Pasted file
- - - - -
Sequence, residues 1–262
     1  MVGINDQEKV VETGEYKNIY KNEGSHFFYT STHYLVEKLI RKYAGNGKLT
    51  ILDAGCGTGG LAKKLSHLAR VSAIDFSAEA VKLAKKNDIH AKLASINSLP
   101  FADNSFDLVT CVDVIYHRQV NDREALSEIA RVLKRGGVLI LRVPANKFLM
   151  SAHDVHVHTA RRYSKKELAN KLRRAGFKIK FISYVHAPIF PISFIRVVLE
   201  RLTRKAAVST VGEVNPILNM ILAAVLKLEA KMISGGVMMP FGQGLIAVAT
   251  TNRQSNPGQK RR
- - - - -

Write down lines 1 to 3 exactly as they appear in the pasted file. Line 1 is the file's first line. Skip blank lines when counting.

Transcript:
Sequence, residues 1–262
     1  MVGINDQEKV VETGEYKNIY KNEGSHFFYT STHYLVEKLI RKYAGNGKLT
    51  ILDAGCGTGG LAKKLSHLAR VSAIDFSAEA VKLAKKNDIH AKLASINSLP